Save Your Existing Mirrors!
By Florence Segal
Most mirrors are manufactured to a thickness of 1/8” – 3/16” and ¼”.
To obtain the best quality of true undistorted reflections, always use ¼” thick mirrors. Using mirrors with thicknesses less than ¼”, particularly when affixed to a wall, will most certainly provide a distorted image as the wall is not perfectly flat. Additionally, as the adhesive dries out, it tends to draw the mirror towards the wall surface distorting the mirror even further. Therefore, it is recommended to use ¼ inch thickness.
Frameless mirrors must be suitably supported at the bottom with mechanically fastened wall retainers or they must sit on a rigid element that will support the base of the mirror.
There are two time-proven techniques for mounting a mirror: brackets and adhesion. With brackets, you have four or more metal units that clip onto the mirror and screw into the wall. The bracket method is popular because it's fast, easy to clean and reversible if you change your mind.
Adhesion: Adhesion requires a liquid glue you apply to the back of the mirror. When you place the mirror against the wall, it sticks. Adhesion works best in small places; however, it's more or less permanent and requires professional expertise to remove with minimum damage to the wall. Small repairs to the wall may also be necessary if a glued mirror is removed.
To hold a frameless mirror system in a vertical position, use either mechanically fastened wall retainer clips that are utilized at the top of the mirror or globs of a special petroleum based mirror adhesive that is applied to the wall. The mirror is then landed onto a cushioned base and then pressed into the multiple globs of this very slow drying adhesive. This pressure starts a suction action, which will hold the mirror into an acceptable vertical position without the need to apply clips at the top of the mirror. However, for security purposes, it is recommended that retaining clips be utilized. We recommend the metal Z type clips. There are two sizes, 1/8” and ¼” clips according to the size thickness of your mirror.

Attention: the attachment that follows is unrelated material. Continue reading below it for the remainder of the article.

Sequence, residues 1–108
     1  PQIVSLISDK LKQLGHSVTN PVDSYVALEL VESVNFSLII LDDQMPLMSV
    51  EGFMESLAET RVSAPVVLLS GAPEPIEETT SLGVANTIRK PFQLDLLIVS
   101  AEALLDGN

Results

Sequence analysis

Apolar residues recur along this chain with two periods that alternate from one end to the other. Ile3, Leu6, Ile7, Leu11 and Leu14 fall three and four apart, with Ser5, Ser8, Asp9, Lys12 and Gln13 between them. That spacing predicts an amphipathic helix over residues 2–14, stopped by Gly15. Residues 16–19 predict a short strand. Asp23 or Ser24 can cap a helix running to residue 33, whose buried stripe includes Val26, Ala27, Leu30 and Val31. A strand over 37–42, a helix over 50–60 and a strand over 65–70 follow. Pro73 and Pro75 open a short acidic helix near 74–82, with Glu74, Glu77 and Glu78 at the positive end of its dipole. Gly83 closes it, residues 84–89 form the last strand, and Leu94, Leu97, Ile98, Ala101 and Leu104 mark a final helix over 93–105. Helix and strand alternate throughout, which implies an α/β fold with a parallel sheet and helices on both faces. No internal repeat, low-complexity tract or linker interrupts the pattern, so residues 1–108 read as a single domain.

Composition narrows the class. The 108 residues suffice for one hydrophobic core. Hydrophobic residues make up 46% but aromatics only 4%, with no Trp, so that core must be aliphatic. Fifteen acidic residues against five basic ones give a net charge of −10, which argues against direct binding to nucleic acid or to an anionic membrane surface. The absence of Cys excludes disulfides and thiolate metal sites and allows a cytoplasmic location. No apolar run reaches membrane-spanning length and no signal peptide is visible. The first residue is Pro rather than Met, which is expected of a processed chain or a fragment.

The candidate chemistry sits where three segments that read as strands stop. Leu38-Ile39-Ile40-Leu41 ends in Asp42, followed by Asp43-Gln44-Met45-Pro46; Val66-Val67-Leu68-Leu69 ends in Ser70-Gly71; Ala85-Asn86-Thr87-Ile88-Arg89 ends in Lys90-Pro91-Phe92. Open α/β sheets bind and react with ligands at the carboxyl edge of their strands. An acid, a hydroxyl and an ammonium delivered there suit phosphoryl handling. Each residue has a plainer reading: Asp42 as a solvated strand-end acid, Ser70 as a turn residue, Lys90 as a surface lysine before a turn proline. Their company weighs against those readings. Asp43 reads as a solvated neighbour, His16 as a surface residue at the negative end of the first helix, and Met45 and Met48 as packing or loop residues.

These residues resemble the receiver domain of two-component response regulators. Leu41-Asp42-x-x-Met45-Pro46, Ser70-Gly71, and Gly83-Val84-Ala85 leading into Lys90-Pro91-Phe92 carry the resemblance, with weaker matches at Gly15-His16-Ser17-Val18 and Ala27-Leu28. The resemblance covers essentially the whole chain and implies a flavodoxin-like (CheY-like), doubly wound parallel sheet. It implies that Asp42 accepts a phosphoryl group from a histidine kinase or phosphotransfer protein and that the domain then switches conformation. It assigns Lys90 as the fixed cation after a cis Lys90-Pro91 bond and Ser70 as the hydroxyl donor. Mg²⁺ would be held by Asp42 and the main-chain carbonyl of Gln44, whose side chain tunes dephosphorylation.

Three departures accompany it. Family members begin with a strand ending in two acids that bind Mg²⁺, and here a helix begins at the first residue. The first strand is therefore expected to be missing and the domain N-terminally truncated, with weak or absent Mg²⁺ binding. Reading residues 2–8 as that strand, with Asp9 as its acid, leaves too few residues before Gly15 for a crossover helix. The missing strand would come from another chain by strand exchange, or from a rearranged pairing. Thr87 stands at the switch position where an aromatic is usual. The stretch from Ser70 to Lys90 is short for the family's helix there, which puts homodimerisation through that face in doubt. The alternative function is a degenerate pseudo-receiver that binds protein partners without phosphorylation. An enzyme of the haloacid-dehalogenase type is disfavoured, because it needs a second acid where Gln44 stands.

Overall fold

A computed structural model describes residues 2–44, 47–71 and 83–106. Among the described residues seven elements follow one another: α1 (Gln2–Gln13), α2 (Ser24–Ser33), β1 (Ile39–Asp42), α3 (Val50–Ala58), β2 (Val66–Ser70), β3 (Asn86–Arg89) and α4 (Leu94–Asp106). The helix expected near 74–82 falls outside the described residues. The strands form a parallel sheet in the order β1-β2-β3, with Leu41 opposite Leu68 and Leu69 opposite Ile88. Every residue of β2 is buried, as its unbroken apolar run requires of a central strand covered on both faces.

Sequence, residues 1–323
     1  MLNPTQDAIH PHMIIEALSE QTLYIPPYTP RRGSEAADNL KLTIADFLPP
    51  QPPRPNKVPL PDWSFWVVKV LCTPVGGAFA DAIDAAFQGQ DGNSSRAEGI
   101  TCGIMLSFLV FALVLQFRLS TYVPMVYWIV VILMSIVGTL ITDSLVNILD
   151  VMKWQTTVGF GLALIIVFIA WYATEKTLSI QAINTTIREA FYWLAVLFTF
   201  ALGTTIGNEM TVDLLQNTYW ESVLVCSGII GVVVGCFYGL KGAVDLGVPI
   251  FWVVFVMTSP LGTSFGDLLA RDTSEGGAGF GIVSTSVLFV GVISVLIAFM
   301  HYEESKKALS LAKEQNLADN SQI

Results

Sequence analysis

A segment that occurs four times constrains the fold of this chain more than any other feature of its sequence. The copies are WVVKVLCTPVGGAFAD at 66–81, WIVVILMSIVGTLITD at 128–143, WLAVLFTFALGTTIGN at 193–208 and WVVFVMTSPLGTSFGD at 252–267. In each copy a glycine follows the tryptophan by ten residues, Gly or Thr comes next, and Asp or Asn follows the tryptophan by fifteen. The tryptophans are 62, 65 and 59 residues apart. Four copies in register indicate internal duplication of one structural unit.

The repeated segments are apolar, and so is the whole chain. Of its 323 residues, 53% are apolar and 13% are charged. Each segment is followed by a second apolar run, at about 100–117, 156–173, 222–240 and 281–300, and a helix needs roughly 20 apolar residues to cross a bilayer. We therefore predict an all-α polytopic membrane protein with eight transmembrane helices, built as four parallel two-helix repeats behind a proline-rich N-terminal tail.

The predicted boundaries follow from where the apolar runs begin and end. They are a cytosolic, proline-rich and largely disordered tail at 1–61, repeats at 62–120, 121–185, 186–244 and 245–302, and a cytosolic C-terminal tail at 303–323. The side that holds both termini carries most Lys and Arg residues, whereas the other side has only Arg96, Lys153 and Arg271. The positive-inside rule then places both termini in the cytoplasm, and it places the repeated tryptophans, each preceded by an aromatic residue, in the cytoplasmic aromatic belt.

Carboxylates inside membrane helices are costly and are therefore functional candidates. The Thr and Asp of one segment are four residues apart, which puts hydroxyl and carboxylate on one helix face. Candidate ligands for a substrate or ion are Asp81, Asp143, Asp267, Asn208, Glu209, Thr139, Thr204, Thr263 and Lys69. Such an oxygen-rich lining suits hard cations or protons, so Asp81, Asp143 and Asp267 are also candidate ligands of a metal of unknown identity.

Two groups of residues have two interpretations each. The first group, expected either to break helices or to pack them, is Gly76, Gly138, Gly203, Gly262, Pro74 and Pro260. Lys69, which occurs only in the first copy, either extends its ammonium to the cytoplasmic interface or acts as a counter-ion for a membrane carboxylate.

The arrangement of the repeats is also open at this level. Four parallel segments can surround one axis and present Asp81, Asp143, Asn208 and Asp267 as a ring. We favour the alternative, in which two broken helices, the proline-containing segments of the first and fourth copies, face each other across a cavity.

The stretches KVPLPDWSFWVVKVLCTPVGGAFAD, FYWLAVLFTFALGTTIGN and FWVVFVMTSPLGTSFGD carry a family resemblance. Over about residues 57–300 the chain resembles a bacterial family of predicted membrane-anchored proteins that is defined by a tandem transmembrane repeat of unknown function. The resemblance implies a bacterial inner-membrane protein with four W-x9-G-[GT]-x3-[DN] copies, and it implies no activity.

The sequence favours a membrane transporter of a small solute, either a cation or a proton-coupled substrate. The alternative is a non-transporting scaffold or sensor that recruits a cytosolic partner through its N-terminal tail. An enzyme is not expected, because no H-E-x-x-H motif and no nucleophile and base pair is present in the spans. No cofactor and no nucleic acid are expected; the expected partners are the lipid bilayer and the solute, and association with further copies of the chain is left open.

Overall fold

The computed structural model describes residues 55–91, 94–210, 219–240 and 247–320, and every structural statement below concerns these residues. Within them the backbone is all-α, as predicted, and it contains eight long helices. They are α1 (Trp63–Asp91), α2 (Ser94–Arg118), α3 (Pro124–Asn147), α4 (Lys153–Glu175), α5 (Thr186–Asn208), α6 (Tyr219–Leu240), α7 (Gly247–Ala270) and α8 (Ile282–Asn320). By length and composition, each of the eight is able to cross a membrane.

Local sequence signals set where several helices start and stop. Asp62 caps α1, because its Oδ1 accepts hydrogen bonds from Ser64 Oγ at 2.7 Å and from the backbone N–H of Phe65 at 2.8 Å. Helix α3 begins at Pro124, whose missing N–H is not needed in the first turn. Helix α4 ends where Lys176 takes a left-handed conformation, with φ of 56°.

Toxic Chemicals in Mirrors
Most mirrors have toxic chemicals that make up the mirroring process. These include silver nitrate used for the reflective surface and red lead protective coatings with a painted seal coat used on the backing. While on the wall, these substances are contained and not harmful. Breaking up mirrors and disposing of them into landfills and the oceans release these toxic substances. However, mirrors can be made attractive without removing them from the wall.
If your mirror is scratched, try this do-it-yourself tip before calling a service professional: Rub a little toothpaste into the scratch. (Normally gel-type pastes are not as effective as regular pastes.) Polish with a soft cloth.
It is best to clean mirrors with a cleaner that does not contain ammonia. If you are not sure of the ingredients, spray the rag with cleaner so as to not get the liquid near the edge of mirror which is one of the reasons mirrors deteriorate. Another could be that the backing was not sealed properly and moisture is allowed in. Quit using ammonia-based cleaners on the mirrors. The ammonia gets behind the glass and starts to oxidize the silver finish. If you must use an ammonia-based cleaner, always spray in the middle of the mirror and avoid getting the edges wet with the cleaner.
Keeping mirrors fresh and attractive is very important. That is just about the first thing you look at when entering the bathroom area and the last thing before going to bed.
Think twice about disposing of existing plain or deteriorated mirrors. There are other options that are cost effective. MirrEdge is a do-it-yourself framing system or trim that can be installed around the perimeter of a mirror in minutes. The only tools needed are a razor knife and a measuring tape. The corner plates make installation virtually effortless